René Karl Wilhelm Johann Josef Maria Rilke, better known as Rainer Maria Rilke, was a Bohemian-Austrian poet and novelist. He is "widely recognized as one of the most lyrically intense German-language poets". He wrote both verse and highly lyrical prose. Several critics have described Rilke's work as inherently "mystical". His writings include one novel, several collections of poetry and several volumes of correspondence in which he invokes haunting images that focus on the difficulty of communion with the ineffable in an age of disbelief, solitude and profound anxiety. These deeply existential themes tend to position him as a transitional figure between the traditional and the modernist writers.
Wassily Wassilyevich Kandinsky was a Russian painter and art theorist.
On November 12, 1906 Thomas married Olga Arkadievna (Arkadaevna) de Schumacher (August 28, 1885 - September 12, 1979), a celebrated opera singer. Olga was a daughter of Arkady Alexandrovich von Schumacher (June 7, 1855 - June 8, 1938) and Olga Konstantinovna von Wulffert (1860 - April 3, 1939), who both died in Paris. Arkady was a high official in the tsarist Russian government in St. Petersburg.
Thomas was a great-nephew of Eduard von Hartmann, the author of Philosophy of the Unconscious (3 vols.), vol. 1 of which was published in Germany in 1869. This work later became well-known in America and England.
De Hartmann was already an acclaimed composer in Russia when he first met Gurdjieff in 1916 in St. Petersburg. From 1917 to 1929 he was a pupil and confidant of Gurdjieff. During that time, at Gurdjieff's Institute for the Harmonious Development of Man near Paris, De Hartmann transcribed and co-wrote much of the music that Gurdjieff collected and used for his movements exercises.
Paris is the capital and most populous city of France, with an area of 105 square kilometres and an official estimated population of 2,140,526 residents as of 1 January 2019. Since the 17th century, Paris has been one of Europe's major centres of finance, commerce, fashion, science, and the arts.
De Hartmann wrote Our Life with Mr. Gurdjieff together with his wife Olga de Hartmann, who was Gurdjieff's personal secretary for many years.
In 1951 De Hartmann and his wife moved to the United States from France. He died on March 28, 1956, in New York City. After her husband's death, Olga collected many of Gurdjieff's early talks in the book Views from the Real World (1973). She died at her home in Nambé, Santa Fe County, New Mexico on September 12, 1979. Both she and her husband are buried in the Princeton Cemetery, Princeton, New Jersey.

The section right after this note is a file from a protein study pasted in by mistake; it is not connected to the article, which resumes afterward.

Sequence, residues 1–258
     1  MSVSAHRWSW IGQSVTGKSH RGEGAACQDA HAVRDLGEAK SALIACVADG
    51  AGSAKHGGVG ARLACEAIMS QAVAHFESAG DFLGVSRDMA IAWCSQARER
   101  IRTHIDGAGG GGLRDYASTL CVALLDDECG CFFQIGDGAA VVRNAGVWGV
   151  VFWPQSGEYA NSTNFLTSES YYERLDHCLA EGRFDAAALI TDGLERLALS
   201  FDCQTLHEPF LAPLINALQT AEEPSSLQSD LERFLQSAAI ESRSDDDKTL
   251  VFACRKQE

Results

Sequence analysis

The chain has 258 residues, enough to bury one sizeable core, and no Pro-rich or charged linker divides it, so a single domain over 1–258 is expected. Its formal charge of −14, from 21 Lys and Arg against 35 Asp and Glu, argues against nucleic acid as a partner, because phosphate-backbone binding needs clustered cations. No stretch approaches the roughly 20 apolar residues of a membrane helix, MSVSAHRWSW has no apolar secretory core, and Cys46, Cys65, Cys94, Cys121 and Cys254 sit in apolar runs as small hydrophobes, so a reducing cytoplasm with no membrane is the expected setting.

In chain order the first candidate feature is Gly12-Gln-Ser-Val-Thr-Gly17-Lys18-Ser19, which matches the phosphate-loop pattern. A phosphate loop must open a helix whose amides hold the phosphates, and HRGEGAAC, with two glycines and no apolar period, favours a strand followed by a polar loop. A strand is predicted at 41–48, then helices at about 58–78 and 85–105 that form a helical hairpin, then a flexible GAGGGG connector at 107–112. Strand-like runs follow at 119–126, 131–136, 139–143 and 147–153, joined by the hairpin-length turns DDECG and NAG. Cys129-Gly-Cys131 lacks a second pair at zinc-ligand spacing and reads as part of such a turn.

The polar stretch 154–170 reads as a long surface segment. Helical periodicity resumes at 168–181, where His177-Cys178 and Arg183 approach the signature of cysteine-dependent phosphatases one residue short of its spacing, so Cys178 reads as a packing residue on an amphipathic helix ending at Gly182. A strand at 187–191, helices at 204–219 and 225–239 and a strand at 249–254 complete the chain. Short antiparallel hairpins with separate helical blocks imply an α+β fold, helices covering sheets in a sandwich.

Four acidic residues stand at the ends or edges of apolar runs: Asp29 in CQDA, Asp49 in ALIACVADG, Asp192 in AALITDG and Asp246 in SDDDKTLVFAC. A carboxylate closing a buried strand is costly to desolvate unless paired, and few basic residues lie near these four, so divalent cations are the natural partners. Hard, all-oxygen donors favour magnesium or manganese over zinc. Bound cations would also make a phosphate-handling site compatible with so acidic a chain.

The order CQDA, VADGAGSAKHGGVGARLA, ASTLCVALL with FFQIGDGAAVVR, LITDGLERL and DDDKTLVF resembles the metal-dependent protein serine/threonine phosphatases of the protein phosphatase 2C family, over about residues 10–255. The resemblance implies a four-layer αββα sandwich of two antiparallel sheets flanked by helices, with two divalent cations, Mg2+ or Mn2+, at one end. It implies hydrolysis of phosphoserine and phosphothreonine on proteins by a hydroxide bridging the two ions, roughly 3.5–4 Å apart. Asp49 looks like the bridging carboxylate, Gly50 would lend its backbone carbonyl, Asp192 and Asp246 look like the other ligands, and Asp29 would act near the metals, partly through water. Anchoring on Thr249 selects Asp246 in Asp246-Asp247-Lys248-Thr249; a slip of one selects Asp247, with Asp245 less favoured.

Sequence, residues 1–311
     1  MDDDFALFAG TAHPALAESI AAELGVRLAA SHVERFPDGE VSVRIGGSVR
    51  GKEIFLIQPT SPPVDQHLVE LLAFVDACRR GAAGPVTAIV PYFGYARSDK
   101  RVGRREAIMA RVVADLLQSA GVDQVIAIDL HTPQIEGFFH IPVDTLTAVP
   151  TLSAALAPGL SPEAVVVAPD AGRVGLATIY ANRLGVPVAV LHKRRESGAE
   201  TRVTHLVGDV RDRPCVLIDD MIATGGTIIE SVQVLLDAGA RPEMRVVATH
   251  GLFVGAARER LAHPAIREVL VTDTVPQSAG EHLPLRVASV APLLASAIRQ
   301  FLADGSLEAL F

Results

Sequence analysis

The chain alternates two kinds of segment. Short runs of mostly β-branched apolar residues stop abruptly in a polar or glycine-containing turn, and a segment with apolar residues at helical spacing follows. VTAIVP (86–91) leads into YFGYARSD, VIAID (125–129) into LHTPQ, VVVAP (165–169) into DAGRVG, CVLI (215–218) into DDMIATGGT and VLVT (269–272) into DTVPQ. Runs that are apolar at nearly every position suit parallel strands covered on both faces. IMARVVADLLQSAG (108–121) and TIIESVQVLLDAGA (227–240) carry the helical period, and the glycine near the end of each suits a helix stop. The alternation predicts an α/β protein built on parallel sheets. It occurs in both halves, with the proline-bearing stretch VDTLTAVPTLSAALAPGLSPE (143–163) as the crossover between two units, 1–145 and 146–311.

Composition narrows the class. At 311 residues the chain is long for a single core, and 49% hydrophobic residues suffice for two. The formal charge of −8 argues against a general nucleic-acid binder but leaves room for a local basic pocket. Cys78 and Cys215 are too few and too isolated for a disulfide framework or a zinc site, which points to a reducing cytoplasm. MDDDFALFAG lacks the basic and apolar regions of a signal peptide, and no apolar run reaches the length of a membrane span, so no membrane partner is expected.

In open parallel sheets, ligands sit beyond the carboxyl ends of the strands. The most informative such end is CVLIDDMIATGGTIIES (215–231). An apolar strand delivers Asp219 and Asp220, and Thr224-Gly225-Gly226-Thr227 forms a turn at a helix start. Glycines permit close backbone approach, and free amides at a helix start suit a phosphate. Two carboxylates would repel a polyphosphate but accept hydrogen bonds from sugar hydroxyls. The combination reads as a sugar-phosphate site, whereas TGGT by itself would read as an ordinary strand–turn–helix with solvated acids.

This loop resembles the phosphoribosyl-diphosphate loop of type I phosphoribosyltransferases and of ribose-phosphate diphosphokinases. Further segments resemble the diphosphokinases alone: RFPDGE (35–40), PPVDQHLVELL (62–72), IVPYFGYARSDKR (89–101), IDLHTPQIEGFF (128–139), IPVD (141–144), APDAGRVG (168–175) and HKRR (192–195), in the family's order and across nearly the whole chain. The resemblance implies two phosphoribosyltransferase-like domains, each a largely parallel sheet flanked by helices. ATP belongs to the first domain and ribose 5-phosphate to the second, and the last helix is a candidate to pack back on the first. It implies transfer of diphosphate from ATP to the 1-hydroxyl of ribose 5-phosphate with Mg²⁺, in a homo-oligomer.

De Hartmann's four-act ballet La Fleurette Rouge (The Red Flower) was performed in 1906. Vaslav Nijinsky, Anna Pavlova, and Michel Fokine danced principal roles in performances at the Imperial opera houses of Moscow and St. Petersburg.
He composed the music for Wassily Kandinsky's The Yellow Sound .
The music he wrote with Gurdjieff was later adapted by Laurence Rosenthal for the 1979 Peter Brook film Meetings with Remarkable Men .
In 1982, the Guggenheim Foundation premiere of Kandinsky's opera Der gelbe Klang was made possible thanks to a complete rearrangement by Gunther Schuller of De Hartmann's hitherto lost work. It is not known whether De Hartmann completed a full score but it is clear[ citation needed ] why Konstantin Stanislavski could not understand the work when de Hartmann proposed it for the Moscow Art Theatre in 1914.
Sergei Pavlovich Diaghilev, usually referred to outside Russia as Serge Diaghilev, was a Russian art critic, patron, ballet impresario and founder of the Ballets Russes, from which many famous dancers and choreographers would arise.
Vaslav Nijinsky was a ballet dancer and choreographer cited as the greatest male dancer of the early 20th century. Born in Kiev to Polish parents, Nijinsky grew up in Imperial Russia but considered himself to be Polish. He was celebrated for his virtuosity and for the depth and intensity of his characterizations. He could dance en pointe, a rare skill among male dancers at the time and was admired for his seemingly gravity-defying leaps.
Jeanne de Salzmann born Jeanne-Marie Allemand often addressed as Madame de Salzmann was the daughter of the famous Swiss architect Jules Louis Allemand and of Marie Louise Matignon. She was a French-Swiss dance teacher and a close pupil of the spiritual teacher G. I. Gurdjieff, recognized as his deputy by many of Gurdjieff's other pupils. She was responsible for transmitting the movements and his teaching through the Gurdjieff Institute of Paris, the Gurdjieff Foundation of New York City, the Gurdjieff Society in London and the Fundación Gurdjieff of Caracas, which she founded or helped founding, as well as other formal and informal groups throughout the world.